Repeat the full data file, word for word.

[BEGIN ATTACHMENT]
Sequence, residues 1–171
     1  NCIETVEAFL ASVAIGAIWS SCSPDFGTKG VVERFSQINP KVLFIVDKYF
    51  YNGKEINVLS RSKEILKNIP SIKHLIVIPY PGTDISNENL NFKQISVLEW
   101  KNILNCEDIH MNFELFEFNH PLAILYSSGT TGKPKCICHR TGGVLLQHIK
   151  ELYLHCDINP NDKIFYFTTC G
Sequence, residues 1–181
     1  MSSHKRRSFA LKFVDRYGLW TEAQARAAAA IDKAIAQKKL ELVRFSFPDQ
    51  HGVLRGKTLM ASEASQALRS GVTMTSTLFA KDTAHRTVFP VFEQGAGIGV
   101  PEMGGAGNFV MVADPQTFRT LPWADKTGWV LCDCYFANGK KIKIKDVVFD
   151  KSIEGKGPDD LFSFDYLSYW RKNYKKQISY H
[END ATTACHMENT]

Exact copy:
Sequence, residues 1–171
     1  NCIETVEAFL ASVAIGAIWS SCSPDFGTKG VVERFSQINP KVLFIVDKYF
    51  YNGKEINVLS RSKEILKNIP SIKHLIVIPY PGTDISNENL NFKQISVLEW
   101  KNILNCEDIH MNFELFEFNH PLAILYSSGT TGKPKCICHR TGGVLLQHIK
   151  ELYLHCDINP NDKIFYFTTC G
Sequence, residues 1–181
     1  MSSHKRRSFA LKFVDRYGLW TEAQARAAAA IDKAIAQKKL ELVRFSFPDQ
    51  HGVLRGKTLM ASEASQALRS GVTMTSTLFA KDTAHRTVFP VFEQGAGIGV
   101  PEMGGAGNFV MVADPQTFRT LPWADKTGWV LCDCYFANGK KIKIKDVVFD
   151  KSIEGKGPDD LFSFDYLSYW RKNYKKQISY H